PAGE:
It's just switching from a negative to a positive. Yeah. And really how understanding working with your teacher, how to develop plans together with you and the child. But that's the main thing that I'm seeing with kids is they just feel really disconnected. And so they're going into class clown behaviors and additionally, some children with the focus, they just need things broken down into smaller steps for them.

Not every child can just sit down and complete the assignment. For some children, they need things broken down into smaller steps. Those are the two main areas that I've been working with, with parents. Just keep in mind some parents aren't comfortable advocating for their children.

Just keep in mind, about your child today, but it's about best practices in education. Because the best practices for spirited kids are truly the best practices for all children. It's just our spirited kids are the squeaky wheel.

Emily Melious18:47

Yeah, such a good point. Yeah. And then how do we give them opportunities to be leaders in the classroom?

Megan Barella18:54

Well, and that can a little challenging because, um, sometimes you know, it really is at an individual basis. I think the first place to start is always making individual plans for their behavior and leading themselves. But giving kids a leadership role in the classroom is also huge for little kids if there's a bell to ring, I know some kids have really well sitting next to the teacher, saying, you know, conversely some kids do really well sitting in the back of the classroom.

Um, but any way that they can, you know, this one family is working with, the child as a punishment, had to wash the dishes in the cafeteria. Well why is that a punishment? Why can't that child just be involved in helping in the cafeteria in a productive way? Because the child liked it.

So a lot of the things that are seen as punishments. Why cant we just involve children in the school community proactively?

Emily Melious19:51

Well, I think that sense of responsibility. So when, um, you know, you got the class clown and then, um, which might be unwelcome behavior, but when you say, Hey, you're a leader in this classroom. Others are looking to you as an example and not putting, you know, obligation on them. But more like you, you've got a really important role to play and you are a natural leader and here's what leaders do.

Let's talk about, what do we admire about leaders and how can you be like that? And how can you guide your peers to be better, um, in who they are. And, you know, having those really uplifting, powerful, Conversations all along the while, giving our kids positive labels, to think about themselves, to talk about themselves, but really stepping into, again, channeling that energy, those emotions in positive ways, and really taking up the mantle if you will.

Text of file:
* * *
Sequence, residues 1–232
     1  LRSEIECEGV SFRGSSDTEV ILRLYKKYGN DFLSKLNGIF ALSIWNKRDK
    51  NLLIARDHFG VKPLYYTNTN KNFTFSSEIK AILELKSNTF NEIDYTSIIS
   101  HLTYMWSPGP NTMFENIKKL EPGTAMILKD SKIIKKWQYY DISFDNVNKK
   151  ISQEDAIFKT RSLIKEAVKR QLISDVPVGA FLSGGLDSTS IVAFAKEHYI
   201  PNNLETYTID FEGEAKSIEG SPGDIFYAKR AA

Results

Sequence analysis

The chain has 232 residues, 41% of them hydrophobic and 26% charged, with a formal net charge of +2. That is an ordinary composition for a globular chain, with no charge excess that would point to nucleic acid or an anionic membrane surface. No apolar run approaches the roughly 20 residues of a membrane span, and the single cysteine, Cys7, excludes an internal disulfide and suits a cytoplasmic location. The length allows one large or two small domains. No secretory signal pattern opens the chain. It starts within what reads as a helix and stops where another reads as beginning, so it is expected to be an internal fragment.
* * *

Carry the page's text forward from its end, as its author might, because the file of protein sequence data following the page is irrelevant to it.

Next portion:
Of you we're born to play this role and that's a big deal. And that means you are set up for great things. So how can we do that now? And fostering those kinds of conversations and when you speak respectfully and when you speak clearly and when you know when to listen, that makes you a more respected leader.

That makes you more, a more effective leader, you know, and really kind of, I think playing up that leader part, that's one of my biggest takeaways from this conversation. Um, cause they are, they're going to be, they're going to be our leaders, why not teach them to start operating like that now and seeing the wonderful blessing of that now, so we could talk forever and ever, and ever,

Access Megan's Guide to Parenting Spirited Children

but I want to make sure I mentioned Megan, that you're offering to our listeners a guide to parenting spirited children. So we're going to make sure that we make that available. Um, you'll, uh, grab that through our Episode Insider newsletters, if you don't know what those are, just sign up at MothersOfMisfits.com.

Every time we have a new episode, we send out all kinds of goodies and more information about our guests. So don't miss out. Make sure you sign up for that. But Megan, this has been such a joy. Thank you so much for sharing your wisdom with us today in helping us help our, um, I was going to say my friend calls them spicy kids.

So thanks for helping us help our spicy kids.

Megan Barella22:15

When you were saying that about leadership, I felt it. I was like it felt so good to hear it. So just remember that power of leadership and kids are really motivated by helping today. So, Emily thank you.

Access Megan's Facebook Group

I would like to invite people to, I have a Facebook group community, Parenting For The Next Generation within that community, we also offer, um, a Happy Home Week, which is a five day live master class complimentary experience.

and we'll be offering one this spring. So it's been such a joy to be here today Emily.

Emily Melious22:47

Yes. Well, we will all be sure to take you up on that. That's amazing. Um, and definitely check out that Facebook group and we'll make sure to highlight, um, those opportunities in the Episode Insider newsletters. So don't miss out on that, but, uh, Megan, thanks again.

Megan Barella23:02

Thank you so much, Emily.

Mothers of Misfits23:05

Thanks for joining us for this episode of the Mothers of Misfits podcast Make sure to subscribe so you never miss an episode We also invite you to visit us at MothersOfMisfits.com